Leadership for Life – Down on the Farm

By on October 1, 2014
Information Silos

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Farmers use silos to store and separate their grains. The effects of mixing wheat and corn are too terrible to contemplate, so farm silos are a Good Thing. On the other hand, the creation of information silos in businesses and other organizations are Not So Good, or in some case, Bad.

Information silos are generally seen in larger organizations, with different locations or departments. They start out as functional divisions, such as Finance, Sales, or Production, but over time they become barriers to communication, as well as spheres of influence or territory controlled by one or more people. Information is power, and if you can limit certain information to a select few, that group becomes more powerful and indispensable in the organization. The main problem with silos in businesses is that people can work at cross purposes or initiate activities that fall outside the mission, vision, and values of the organization.

Great leaders have no need to hoard information, nor do their organizations thrive when information is arbitrarily limited only to those with a “need to know.” The benefits of sharing information across departments or other functional units usually far outweigh the risks.

Why do people hoard information? Often it has to do with personal power, as above. Sometimes it’s part of a syndrome that causes people never to share or let go of anything under their influence (see for example, Do You Suffer From Information Hoarding Syndrome?). Whatever the reason, it’s usually detrimental to the health of the organization.

How to combat the silo mentality?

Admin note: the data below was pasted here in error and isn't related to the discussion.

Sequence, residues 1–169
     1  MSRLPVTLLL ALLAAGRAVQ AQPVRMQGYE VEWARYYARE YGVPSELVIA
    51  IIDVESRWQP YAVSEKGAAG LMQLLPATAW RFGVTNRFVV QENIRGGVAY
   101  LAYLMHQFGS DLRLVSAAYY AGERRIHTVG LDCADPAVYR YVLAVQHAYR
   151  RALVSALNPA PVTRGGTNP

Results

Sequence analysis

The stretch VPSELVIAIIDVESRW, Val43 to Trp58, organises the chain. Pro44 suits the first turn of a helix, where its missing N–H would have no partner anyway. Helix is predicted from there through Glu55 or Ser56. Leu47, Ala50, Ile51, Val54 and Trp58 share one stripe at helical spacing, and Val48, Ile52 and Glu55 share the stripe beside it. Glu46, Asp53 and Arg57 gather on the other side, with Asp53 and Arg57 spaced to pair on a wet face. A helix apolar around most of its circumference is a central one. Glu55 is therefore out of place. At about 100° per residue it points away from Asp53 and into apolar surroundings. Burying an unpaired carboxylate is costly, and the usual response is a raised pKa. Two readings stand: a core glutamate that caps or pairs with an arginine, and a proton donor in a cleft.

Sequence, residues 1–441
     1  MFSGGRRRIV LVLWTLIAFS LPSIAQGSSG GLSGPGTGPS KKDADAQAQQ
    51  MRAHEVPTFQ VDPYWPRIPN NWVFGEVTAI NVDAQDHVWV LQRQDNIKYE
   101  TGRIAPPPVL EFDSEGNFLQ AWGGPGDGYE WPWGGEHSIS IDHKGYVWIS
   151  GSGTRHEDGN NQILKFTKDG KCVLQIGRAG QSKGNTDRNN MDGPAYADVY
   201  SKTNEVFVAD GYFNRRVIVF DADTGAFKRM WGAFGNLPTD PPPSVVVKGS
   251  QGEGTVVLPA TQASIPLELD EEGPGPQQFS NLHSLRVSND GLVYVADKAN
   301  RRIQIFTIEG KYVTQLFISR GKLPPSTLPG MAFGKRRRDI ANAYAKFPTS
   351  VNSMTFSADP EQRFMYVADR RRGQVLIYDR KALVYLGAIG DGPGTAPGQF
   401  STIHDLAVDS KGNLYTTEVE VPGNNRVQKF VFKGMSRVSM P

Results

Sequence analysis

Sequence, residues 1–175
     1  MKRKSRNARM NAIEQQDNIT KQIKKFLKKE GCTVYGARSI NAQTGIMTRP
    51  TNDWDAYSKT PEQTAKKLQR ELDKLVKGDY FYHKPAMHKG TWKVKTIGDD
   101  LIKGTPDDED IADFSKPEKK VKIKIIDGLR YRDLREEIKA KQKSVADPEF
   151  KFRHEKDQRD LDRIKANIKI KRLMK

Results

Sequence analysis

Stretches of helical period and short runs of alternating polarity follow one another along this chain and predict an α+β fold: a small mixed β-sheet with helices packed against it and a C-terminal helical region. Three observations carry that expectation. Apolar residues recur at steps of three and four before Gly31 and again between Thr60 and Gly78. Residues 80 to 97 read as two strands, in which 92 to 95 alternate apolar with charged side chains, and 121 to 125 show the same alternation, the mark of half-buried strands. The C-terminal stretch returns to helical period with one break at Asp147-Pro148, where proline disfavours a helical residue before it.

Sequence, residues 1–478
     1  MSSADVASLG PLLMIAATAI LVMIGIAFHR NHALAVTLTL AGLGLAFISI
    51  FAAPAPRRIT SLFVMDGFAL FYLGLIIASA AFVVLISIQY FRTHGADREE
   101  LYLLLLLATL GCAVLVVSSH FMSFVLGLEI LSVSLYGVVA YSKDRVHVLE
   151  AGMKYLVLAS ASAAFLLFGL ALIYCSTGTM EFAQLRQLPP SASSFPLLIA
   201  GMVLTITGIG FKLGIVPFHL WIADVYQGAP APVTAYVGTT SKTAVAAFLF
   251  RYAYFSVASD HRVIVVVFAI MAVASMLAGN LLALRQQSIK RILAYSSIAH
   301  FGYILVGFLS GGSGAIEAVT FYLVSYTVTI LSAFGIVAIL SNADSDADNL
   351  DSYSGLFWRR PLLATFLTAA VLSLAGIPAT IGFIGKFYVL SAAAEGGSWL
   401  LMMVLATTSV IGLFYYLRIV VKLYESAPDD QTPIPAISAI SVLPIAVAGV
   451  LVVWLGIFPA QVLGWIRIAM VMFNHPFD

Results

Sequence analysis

• It begins with hiring people who believe in sharing information. This can be ascertained by a few interview questions related to teamwork, or by using an assessment center technique, such as an unstructured group meeting.
  • As a leader, you should be modeling the sharing of information via the company newsletter, a blog, or by regular updates at meetings.
  • Establish a “war room,” in which company statistics and metrics are posted regularly for all to see.
  • Make it a habit to establish cross-functional teams to work on special projects – the more diverse the better.
  • Encourage department heads or directors to write a blog or make a regular contribution to the company newsletter (yes, you should have one) in which they update everyone on what’s in the pipeline or other newsworthy items.

Any other suggestions? Don’t keep them a secret. Send them to me at bschapiro@stlcc.edu.

About Barry Schapiro

Barry is the Workforce Solutions Group Practice Leader for Leadership and Professional Development. His experience includes delivery and management of business training in a variety of industries, with specialties in leadership, team development, generational diversity, and customer service. Twitter

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